I think this is the dilemna of admissions. The adcoms want students to get some experience in the clinical setting. But students are greedy, they want an edge over other students. So what do they do? They do hospital volunteering during the summer in Uganda! This is getting quite ridiculous where students feel obligated to volunteer.

    And this is the heart of the problem: obligation. Volunteering would be fun if you did it out of your generosity. However, as the original poster stated, wouldn't you rather be hanging out with your friends or studying? And I know this for a fact: most people would rather be doing other stuff than volunteering. They think they need to volunteer, though, to pad their apps. And with this I challenge those who 'truly' enjoy volunteering: why are you doing it in the first place?
     
    LeenoRocks likes this.
  24. g3pro

    g3pro Dr. Mogley
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    oh sorry, trekkie, i didn't see that you already posted. :p
     
  25. Trekkie963

    Trekkie963 Senior Member
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    That's alright. I can still briefly address some other reasons why I actually like volunteering:

    -I am exposed to things that I wouldn't normally be exposed to. Learning about other people and other cultures helps me to approach problems in new ways, which I think will ultimately not only help me to be a good doctor, but has already helped me to just be a good friend and enjoy my own life more.

    -I am able to help people. This is an honest reason why volunteering can be "fun." It feels really, really good to have people appreciate something you do for them.

    -I can develop new skills. Volunteering often places you in situations where you are challenged to extend your capabilities. I have learned all about grant-writing, for example, because that was something I had to do for my some of my volunteer work. As an EMT, I am constantly working with patients, so I have been able to develop my ability to interact with them--ask the right questions, make them feel at ease, etc.

    I don't think its necessarily a bad thing that pre-medical students are sort of expected to volunteer during their undergrad years. Honestly, I have personally gained a whole lot from my volunteer experiences that I think is going to ultimately help me become a good medical student and future doctor. If not getting paid is the problem some people have with the "required" volunteering, as someone else has already pointed out you could totally just go work as an EMT and get a lot of the same experience. I think that would be a great experience for a lot of these people who are complaining about having to do paperwork or whatever.

    Of course, there are times when I'll be on duty with EMS and all my friends will go out for boba or something and I can't go and I'll be all like "dang, when is this shift over?" But when I get a call that someone just dislocated his shoulder and he thanks me profusely when I finish my checkup and my supervisor tells me I did a great job and she's going to miss me when I go off to med school next year, well that feels great. It's a tradeoff. It's also, to use a cliche, an investment in my future.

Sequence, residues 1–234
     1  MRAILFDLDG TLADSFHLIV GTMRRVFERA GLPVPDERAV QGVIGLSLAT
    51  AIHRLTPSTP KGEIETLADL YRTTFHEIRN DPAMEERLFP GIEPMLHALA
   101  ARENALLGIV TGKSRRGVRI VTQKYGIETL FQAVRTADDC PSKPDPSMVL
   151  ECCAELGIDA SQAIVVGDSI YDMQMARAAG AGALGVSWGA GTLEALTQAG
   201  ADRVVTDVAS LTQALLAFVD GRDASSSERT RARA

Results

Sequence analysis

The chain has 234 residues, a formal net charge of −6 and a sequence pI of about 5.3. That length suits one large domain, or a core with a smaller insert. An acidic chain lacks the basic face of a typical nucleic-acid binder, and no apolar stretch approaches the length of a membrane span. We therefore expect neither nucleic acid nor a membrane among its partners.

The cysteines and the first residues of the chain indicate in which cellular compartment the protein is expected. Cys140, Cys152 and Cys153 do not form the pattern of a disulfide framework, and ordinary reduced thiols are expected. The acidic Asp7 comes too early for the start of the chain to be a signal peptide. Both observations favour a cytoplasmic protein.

26. DMO

    DMO Diving Medical Officer
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    I guess the reason most people hate volunteering is that most of the jobs are menial and does not give an adequate view into medicine. If I could not get a "good" volunteering spot, screw it. I'd rather take classes to be an EMT or CNA. That kind of stuff would be more interesting and meaningful.
     
  27. MichiMO

    MichiMO Senior Member
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    Volunteering can be about something different than either the profound desire to "help people" or the profound desire to look better on your medical school applications!
    I began volunteering after a medical shadowing program in high school. I volunteered because I just wanted more exposure to the medical field. Some days were boring and some days I really felt that I had kept someone company who really needed their day to brighten up a little. Of course I wasn't getting "clinical experience." I wasn't trained to do anything clinical! But I was getting an idea of what it would be like to work in a hospital, deal with sick people, to take on the role of the caregiver. All of that was very valuable and I did enjoy it. But I also kept my expectations of it at a reasonable level.
    I also did the whole volunteer in Africa thing and this was something that changed me as a person...in a way I cannot explain. It was not about one-uping all of the other applicants...I really desperatly wanted to work in Africa for many years and, yes, for the record, I do want to go back there to work...more than I could tell you.
    I think the reason schools want you to volunteer is because they want you to have some sort of varied life experience. They also want you to have some experiences that motivate and test your desire to enter medicine.
    If volunteering isn't giving you this, then don't do it. I don't think volunteering is on some mandatory admissions check off list. If you can't talk about it in any meaningful way in your interview/personal statement, I really don't think it is going to help you. You want things that distinguish you...that show what you are about. Hopefully this is something that will make you a better doctor in the future.